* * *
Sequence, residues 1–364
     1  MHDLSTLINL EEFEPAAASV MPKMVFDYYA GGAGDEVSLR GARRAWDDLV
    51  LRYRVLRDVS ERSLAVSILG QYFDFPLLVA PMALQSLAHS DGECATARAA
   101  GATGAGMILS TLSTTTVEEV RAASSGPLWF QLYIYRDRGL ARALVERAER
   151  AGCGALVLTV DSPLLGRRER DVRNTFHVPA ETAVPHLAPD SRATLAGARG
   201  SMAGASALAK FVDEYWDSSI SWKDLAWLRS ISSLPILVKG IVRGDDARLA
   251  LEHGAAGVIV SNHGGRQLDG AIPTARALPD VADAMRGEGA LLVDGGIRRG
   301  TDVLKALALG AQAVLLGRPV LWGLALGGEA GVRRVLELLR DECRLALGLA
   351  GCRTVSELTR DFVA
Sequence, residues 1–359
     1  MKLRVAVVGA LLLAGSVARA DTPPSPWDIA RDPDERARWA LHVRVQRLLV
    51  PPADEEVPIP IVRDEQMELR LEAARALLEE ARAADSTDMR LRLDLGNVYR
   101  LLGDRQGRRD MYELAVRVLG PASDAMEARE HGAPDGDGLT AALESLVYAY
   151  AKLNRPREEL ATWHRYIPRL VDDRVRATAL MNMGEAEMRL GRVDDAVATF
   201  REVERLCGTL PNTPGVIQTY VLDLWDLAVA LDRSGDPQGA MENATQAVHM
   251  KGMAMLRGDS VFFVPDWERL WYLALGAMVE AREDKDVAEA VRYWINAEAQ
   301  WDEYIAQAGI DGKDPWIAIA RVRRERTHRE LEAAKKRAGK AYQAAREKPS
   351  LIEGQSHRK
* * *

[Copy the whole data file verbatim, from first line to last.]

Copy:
Sequence, residues 1–364
     1  MHDLSTLINL EEFEPAAASV MPKMVFDYYA GGAGDEVSLR GARRAWDDLV
    51  LRYRVLRDVS ERSLAVSILG QYFDFPLLVA PMALQSLAHS DGECATARAA
   101  GATGAGMILS TLSTTTVEEV RAASSGPLWF QLYIYRDRGL ARALVERAER
   151  AGCGALVLTV DSPLLGRRER DVRNTFHVPA ETAVPHLAPD SRATLAGARG
   201  SMAGASALAK FVDEYWDSSI SWKDLAWLRS ISSLPILVKG IVRGDDARLA
   251  LEHGAAGVIV SNHGGRQLDG AIPTARALPD VADAMRGEGA LLVDGGIRRG
   301  TDVLKALALG AQAVLLGRPV LWGLALGGEA GVRRVLELLR DECRLALGLA
   351  GCRTVSELTR DFVA
Sequence, residues 1–359
     1  MKLRVAVVGA LLLAGSVARA DTPPSPWDIA RDPDERARWA LHVRVQRLLV
    51  PPADEEVPIP IVRDEQMELR LEAARALLEE ARAADSTDMR LRLDLGNVYR
   101  LLGDRQGRRD MYELAVRVLG PASDAMEARE HGAPDGDGLT AALESLVYAY
   151  AKLNRPREEL ATWHRYIPRL VDDRVRATAL MNMGEAEMRL GRVDDAVATF
   201  REVERLCGTL PNTPGVIQTY VLDLWDLAVA LDRSGDPQGA MENATQAVHM
   251  KGMAMLRGDS VFFVPDWERL WYLALGAMVE AREDKDVAEA VRYWINAEAQ
   301  WDEYIAQAGI DGKDPWIAIA RVRRERTHRE LEAAKKRAGK AYQAAREKPS
   351  LIEGQSHRK